A D.C. service station owner was convicted in federal court here today of interstate transportation of stolen money in a massive check-kiting scheme involving--by the defendant's own estimate--some $70 million over a six-year period.
Eddy Marvin Thompson, 39, owner of Thompson's Texaco at 4000 Georgia Ave. NW, stood motionlessly before U.S. District Court Chief Judge Frank A. Kaufman as a jury of 10 men and two women returned guilty verdicts on all 20 counts.
Kaufman scheduled sentencing for June 9. The heavyset gas station owner faces up to 10 years in prison and a $10,000 fine on each count. His attorney, Clement T. Cooper, said he probably will appeal the conviction. Thompson remained free on personal bond today.
Thompson, who lives in suburban Baltimore, was accused of cashing millions of dollars in checks at an American Security bank in the District to cover overdrafts at a Citizens Bank & Trust Co. branch in Silver Spring.
Thompson acknowledged writing about $70 million in checks but contended he had no criminal intent and believed he had been extended a "line of credit" by an American Security branch manager and his assistant, who approved the checks for cashing.
What started out as a series of relatively small overdrafts seven years ago, amounting to a few hundred dollars a day, ballooned to more than $200,000 a day by early 1982, according to Assistant U. S. Attorney Steven A. Allen. The prosecutor said Thompson siphoned off cash for his gas station and tried to cover the overdrafts by cashing ever larger checks.
Allen told the jury the scheme worked this way:
On "day one," Thompson would have a balance of, say, $2,000 in his checking account at Citizens Bank. He would write a CB&T check for $10,000 and deposit it in his business account at American Security.
On "day two," Thompson would write another CB&T check for $10,000, but this time instead of depositing it, he would cash it at American Security. He would then drive back to Maryland and deposit the cash at CB&T. That would cover the previous day's $10,000 check before it was processed through the Federal Reserve Board clearinghouse in Baltimore during the night and returned to CB&T the next day.
On "day three," Thompson, needing more funds for his gas station, would write two CB&T checks, one for $10,000 and one for, say, $5,000. He would deposit the $5,000 check in his Texaco account at American Security, cash the $10,000 and then drive back into Maryland and deposit it at CB&T, again to cover the previous day's check.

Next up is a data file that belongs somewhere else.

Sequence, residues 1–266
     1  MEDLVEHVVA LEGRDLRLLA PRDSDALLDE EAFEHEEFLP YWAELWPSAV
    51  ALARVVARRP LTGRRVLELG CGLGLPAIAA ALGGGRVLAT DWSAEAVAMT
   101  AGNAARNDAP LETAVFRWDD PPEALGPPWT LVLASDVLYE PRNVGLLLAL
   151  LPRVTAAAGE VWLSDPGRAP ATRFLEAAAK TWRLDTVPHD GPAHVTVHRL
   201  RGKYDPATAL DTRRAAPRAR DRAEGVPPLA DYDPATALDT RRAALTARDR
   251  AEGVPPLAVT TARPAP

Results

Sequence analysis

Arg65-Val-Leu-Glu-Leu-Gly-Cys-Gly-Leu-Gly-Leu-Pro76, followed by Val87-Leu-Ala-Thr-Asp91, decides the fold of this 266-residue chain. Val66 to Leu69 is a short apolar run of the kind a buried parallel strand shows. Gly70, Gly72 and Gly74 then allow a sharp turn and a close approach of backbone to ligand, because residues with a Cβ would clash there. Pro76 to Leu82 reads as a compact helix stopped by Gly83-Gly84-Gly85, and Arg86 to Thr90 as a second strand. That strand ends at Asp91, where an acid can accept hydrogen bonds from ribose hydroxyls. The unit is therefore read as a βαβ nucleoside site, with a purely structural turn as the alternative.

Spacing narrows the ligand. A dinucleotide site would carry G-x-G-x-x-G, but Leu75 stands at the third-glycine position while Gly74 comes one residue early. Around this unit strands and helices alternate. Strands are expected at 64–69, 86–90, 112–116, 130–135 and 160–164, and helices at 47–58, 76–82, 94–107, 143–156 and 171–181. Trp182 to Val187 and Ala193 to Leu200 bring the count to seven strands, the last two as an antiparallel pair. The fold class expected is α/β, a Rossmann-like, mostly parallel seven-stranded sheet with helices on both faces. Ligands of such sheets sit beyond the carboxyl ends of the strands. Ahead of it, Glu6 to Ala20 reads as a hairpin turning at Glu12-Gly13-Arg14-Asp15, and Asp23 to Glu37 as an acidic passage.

On "day four," Thompson would have to write a check for $15,000 to cover both the original $10,000 overdraft and the additional $5,000 overdraft. He would cash the $15,000 check at American Security, then once again drive back to Maryland and deposit it at CB&T before the previous checks cleared.
In that manner, Allen said, the cycle continued on an almost daily basis for six years with the "float" increasing each time Thompson deposited additional money at American Security.
Thompson "had started a circle and had to keep it going or the whole thing would fall down," Allen said.
It came to a halt in 1982 when a federal currency task force of prosecutors, FBI, Internal Revenue Service and other agents came across Thompson's unusually large CB&T deposits during a routine audit. Further investigation showed that a former American Security branch manager, Luther Pinkard, and a former assistant, Dorothy Bierer, had approved Thompson's checks--which had grown to about $200,000 a day by early 1982--without filing so-called Currency Transaction Reports (CTRs) required by the Federal Reserve on all cash transactions over $10,000.
Pinkard and Bierer acknowledged their roles in the check-kiting process but denied receiving anything in return. They said they continued to approve Thompson's checks to protect their jobs and prevent discovery once they had become involved. Both have been charged with failing to file CTRs.
Though Thompson wrote checks totaling millions of dollars, American Security recovered all but $204,800--the amount of the last check Thompson wrote before his arrest.